Day three

Melting. We are not used to the heat. We did finally make it to the US Embassy. It was moved a few months ago to the “suburbs.” We were looking to see if a women who worked for her uncle twenty years ago here was still working here. Her uncle, Gary, worked for USAID. As one would expect she no longer was still here.

Then we took a shared taxi to the bus station. We are leaving Conakry tomorrow. And all of you who been in third world bus stations know they are hectic. And most buses (although it looks like here it will be a shared taxi) leave relatively early in the morning. We both wanted to know where it was since we’ll probably bicycle here and also to get an idea of what we’re up against taking our bikes.

 The interesting part was that we entered by walking over a bridge, and Louisa decided to take some video. That almost immediately brought on the  (pseudo) military guy looking tot throw his weight around/collect a bribe. We tried to explain that we had a paper from the government that said it was OK to photograph. We had stopped at the tourism bureau to get the form and the guy there said it wasn’t necessary, but he zeroxed a letter saying it was OK. Our military friend couldn’t even read it, but didn’t care as it wasn’t getting him his bribe. Several people came to our aide. They are not intimidated. One guy negotiated the bribe from about $8 to about $5. It appeared as if the military guy was going to make a scene, so we gave the guy the
$4. One of our helpers pulled us aside to explain it all. He’s an accounting student. We decided to let him show us a place to eat and later where to find an internet cafe. Restaurants aren’t plentiful until evening and not always well marked, at least to the American eye. The menu was fish and rice, and a Fanta. Then to the Internet Cafe, which is somewhat airconditioned which is very nice.  i think we’re only eating about half of what we should be because of the heat and difficulty of finding a sit down restaurant.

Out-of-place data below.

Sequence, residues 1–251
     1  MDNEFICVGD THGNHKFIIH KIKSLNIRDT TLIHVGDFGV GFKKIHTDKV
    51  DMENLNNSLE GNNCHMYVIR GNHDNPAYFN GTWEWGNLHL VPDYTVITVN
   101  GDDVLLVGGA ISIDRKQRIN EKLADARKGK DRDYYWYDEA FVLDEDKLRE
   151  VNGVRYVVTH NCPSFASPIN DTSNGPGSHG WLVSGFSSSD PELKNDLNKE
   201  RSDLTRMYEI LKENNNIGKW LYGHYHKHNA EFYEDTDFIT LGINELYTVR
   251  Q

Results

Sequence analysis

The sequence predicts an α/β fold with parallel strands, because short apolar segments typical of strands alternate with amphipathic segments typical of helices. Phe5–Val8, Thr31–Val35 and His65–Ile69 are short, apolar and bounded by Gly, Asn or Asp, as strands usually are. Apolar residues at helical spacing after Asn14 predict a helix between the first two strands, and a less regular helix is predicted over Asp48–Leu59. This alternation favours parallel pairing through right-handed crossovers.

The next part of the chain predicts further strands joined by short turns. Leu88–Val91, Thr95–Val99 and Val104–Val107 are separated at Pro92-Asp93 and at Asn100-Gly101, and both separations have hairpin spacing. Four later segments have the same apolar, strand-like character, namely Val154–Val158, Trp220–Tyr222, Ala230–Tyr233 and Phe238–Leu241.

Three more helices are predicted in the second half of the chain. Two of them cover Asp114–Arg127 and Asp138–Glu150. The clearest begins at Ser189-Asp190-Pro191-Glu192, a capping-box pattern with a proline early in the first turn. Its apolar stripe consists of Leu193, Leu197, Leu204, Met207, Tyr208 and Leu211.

Yesterday we found the failings of the transportation system. We are staying about 5 km out of town, and we were ready to return about 6 pm. Crowds at every corner trying to catch shared taxis. We talked to one guy who said it was worse than usual. And we knew if a taxi showed up for our location, it would be full by the time we gained that information. We tried a few other corners and then got the idea to find a good hotel where they would certainly find us a taxi. A doorman flagged what appeared to be private car which was willing for about ten times the normal price, which considering that was about$8 and would save us at least two hours of standing around in the heat.

Last night we stopped by the apartment where the women who helped us from the airport is staying. She is shaying with a women from Dallas who is a coordinator for the Peace Corps. A very nice and large apartment. Guess one needs that if you’re working in a third world country. It would be hard to function if one was staying where we are now. No running water. No screens. Bed, but no tables. Electricity at night to run the fan.

We have seen markets for fresh fruit and occasionally bread. But little else. Obviously not a whole lot available, but there has to be more available somewhere. And the richer buy goods somewhere.

The people are friendly and helpful. I think their French is enough different from our poor French to cause us some difficulties. Some English spoken. Our student assistant and others speak good enough English to communicate.

PS. I was reminded of the setting for English keyboard which is helping.

One thought on “Day three”

  1. It sounds as though you’re getting a fast introduction to the ways of West Africa. I remember you have to take food as and where you find it, and some of it’s a bit weird to the Western palate. Dont’ they have motorbike taxis – ‘motos’ – in Conakry, where you just jump on the back and pretend it’s a sane way to get around? martin

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